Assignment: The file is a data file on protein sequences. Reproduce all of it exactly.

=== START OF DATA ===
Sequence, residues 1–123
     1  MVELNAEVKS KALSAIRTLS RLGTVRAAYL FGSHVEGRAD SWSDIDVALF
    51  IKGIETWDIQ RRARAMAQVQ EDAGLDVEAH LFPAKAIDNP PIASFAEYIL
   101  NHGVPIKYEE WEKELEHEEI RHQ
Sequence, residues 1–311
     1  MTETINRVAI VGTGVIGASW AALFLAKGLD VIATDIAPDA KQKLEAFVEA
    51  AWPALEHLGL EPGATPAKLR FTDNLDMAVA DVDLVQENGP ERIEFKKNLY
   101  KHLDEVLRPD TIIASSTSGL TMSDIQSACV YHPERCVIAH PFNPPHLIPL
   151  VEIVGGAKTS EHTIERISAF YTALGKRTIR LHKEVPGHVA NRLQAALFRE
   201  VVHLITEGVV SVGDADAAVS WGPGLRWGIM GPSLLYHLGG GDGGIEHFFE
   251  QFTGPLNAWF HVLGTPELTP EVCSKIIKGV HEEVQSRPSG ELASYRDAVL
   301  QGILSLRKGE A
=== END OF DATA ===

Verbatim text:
Sequence, residues 1–123
     1  MVELNAEVKS KALSAIRTLS RLGTVRAAYL FGSHVEGRAD SWSDIDVALF
    51  IKGIETWDIQ RRARAMAQVQ EDAGLDVEAH LFPAKAIDNP PIASFAEYIL
   101  NHGVPIKYEE WEKELEHEEI RHQ
Sequence, residues 1–311
     1  MTETINRVAI VGTGVIGASW AALFLAKGLD VIATDIAPDA KQKLEAFVEA
    51  AWPALEHLGL EPGATPAKLR FTDNLDMAVA DVDLVQENGP ERIEFKKNLY
   101  KHLDEVLRPD TIIASSTSGL TMSDIQSACV YHPERCVIAH PFNPPHLIPL
   151  VEIVGGAKTS EHTIERISAF YTALGKRTIR LHKEVPGHVA NRLQAALFRE
   201  VVHLITEGVV SVGDADAAVS WGPGLRWGIM GPSLLYHLGG GDGGIEHFFE
   251  QFTGPLNAWF HVLGTPELTP EVCSKIIKGV HEEVQSRPSG ELASYRDAVL
   301  QGILSLRKGE A